In a 1981 NBC interview, Ellison explained why he liked to write in public: “Well, when I write a story, I get into a story and the world that I’m creating is more real than the world around me. I do it because I think particularly in this country people are so distanced from literature, the way it’s taught in schools, that they think that people who write are magicians on a mountaintop somewhere. And I think that’s one of the reasons why there’s so much illiteracy in this country. So by doing it in public, I show people it’s a job of work like being a plumber or an electrician.”

Harlan Ellison died on June 27, the day before OtherSpace turned 20. And, really, thinking back, it’s difficult to imagine OtherSpace coming to pass without Ellison’s influence and inspiration. Another of his anthologies, Partners in Wonder, captured collaborations between Ellison and other speculative fiction writers. And what is OtherSpace if not a speculative fiction collaboration, done in real-time, now in a browser-based bookstore window?

Ellison also got his fingerprints all over Babylon 5, the TV series that persuaded me to follow a story arc format as I developed OtherSpace back in 1998.

So here we are, 20 years later, on the shoulders of another fallen giant (who likely would bristle at the idea). We’re trying to keep the OtherSpace story going while opening new windows into some of our other favorite imaginary realms. At the same time, I sometimes feel rudderless with my solo creative efforts. It’s easy to blame it on the demands of work and parenthood, which are legitimate and necessary distractions. But the truth is: Sometimes I just need prompting. It’s how I got started in creative writing in elementary school, after all, asking friends to give me a few words to weave together into a story that (hopefully) made some kind of sense.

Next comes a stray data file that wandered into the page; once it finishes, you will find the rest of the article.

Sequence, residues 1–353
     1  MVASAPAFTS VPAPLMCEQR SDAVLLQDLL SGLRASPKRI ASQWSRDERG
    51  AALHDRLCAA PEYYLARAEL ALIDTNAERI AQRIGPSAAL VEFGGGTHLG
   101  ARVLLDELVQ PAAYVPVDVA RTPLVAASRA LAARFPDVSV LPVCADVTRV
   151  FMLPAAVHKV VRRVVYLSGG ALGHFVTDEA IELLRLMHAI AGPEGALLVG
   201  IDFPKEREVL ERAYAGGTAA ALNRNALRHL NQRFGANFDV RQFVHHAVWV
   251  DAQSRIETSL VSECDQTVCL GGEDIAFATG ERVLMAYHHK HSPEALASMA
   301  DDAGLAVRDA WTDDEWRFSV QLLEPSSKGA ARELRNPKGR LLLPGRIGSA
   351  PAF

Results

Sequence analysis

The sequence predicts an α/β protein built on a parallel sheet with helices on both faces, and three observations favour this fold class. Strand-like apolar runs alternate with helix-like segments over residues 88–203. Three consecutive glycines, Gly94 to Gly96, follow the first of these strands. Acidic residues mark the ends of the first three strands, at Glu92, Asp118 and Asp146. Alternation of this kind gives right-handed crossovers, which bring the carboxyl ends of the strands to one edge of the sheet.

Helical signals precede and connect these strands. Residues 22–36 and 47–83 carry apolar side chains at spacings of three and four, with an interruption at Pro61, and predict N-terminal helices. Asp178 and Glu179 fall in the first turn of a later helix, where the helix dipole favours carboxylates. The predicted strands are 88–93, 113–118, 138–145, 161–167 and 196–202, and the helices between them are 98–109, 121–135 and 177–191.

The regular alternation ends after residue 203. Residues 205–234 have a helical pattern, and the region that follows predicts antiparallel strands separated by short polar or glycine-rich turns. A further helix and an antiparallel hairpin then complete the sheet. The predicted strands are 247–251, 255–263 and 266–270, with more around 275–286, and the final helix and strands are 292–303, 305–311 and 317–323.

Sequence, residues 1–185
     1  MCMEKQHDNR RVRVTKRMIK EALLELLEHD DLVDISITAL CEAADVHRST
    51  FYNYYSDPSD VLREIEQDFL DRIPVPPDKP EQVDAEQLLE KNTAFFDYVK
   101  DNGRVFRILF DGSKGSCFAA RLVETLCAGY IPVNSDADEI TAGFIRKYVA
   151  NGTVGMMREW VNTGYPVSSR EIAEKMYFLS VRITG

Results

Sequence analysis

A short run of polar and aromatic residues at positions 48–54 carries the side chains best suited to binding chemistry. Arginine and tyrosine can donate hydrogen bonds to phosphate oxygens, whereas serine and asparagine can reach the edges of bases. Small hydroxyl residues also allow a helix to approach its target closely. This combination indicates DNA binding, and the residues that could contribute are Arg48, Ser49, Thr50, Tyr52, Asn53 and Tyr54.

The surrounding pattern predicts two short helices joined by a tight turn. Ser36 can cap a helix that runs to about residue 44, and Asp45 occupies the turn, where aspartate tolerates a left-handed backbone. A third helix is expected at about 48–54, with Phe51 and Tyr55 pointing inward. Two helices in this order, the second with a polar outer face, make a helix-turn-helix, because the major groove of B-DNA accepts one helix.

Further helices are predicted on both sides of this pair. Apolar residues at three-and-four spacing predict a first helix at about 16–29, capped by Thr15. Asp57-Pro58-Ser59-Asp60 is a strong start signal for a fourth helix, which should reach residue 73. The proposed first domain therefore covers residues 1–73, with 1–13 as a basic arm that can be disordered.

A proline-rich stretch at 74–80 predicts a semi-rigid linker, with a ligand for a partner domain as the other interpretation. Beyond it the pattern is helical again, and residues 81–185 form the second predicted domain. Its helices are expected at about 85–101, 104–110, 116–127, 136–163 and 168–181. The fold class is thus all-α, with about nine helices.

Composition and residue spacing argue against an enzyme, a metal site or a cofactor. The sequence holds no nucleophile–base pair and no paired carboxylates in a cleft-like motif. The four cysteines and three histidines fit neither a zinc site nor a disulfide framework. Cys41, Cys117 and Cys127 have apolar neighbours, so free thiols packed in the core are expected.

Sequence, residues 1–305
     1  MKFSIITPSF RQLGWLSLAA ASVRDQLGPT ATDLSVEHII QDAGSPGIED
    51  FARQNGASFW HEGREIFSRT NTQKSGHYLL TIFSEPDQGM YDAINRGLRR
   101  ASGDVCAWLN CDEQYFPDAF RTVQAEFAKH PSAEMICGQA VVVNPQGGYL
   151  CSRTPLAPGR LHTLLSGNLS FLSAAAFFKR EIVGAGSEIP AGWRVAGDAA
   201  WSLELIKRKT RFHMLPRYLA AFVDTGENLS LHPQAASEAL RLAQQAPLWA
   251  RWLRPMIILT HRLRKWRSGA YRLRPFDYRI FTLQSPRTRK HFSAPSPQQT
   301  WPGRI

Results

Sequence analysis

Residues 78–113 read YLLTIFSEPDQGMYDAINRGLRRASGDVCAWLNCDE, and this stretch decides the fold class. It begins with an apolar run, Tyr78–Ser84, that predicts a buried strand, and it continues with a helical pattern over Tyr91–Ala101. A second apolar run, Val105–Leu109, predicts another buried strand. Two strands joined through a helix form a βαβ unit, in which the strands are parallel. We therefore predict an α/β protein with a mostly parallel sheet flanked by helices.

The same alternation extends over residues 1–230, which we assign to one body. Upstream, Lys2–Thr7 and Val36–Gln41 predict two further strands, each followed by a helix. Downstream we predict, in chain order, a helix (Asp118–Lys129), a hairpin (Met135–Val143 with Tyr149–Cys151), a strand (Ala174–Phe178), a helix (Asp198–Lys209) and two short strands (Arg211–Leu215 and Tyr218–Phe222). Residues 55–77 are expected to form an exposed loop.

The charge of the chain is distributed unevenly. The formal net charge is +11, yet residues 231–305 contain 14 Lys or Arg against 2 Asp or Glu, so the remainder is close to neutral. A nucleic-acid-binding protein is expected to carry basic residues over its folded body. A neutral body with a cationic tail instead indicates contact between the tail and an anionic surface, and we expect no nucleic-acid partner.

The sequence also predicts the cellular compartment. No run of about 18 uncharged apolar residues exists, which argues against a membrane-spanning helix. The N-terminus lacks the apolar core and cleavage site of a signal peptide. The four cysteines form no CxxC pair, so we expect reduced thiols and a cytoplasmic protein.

Ellison’s passing reminds me that I won’t live forever. Ellison’s life reminds me that I’ve got a decent option for borrowed inspiration.

Now the JointheSaga Slack community includes a channel (#bookstorewindow) where, using prompts provided (I hope!) by readers like you, I’ll generate stories in real-time as my schedule permits. I’m optimistic it’ll be like warming up an engine in a car that’s been kept in the garage all winter, getting ready for spring.

True confessions: The audacity of wanting something out of all this

Seventeen years ago, I got this idea to help raise awareness about OtherSpace – and to create a sort of keepsake for participants who helped shape the first few story arcs with their characters.

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And in the years since, this has been what some angry people point to as proof that 1) I’m greedy and 2) I’m stealing the work of other people and calling it mine.

Well, no to both those things.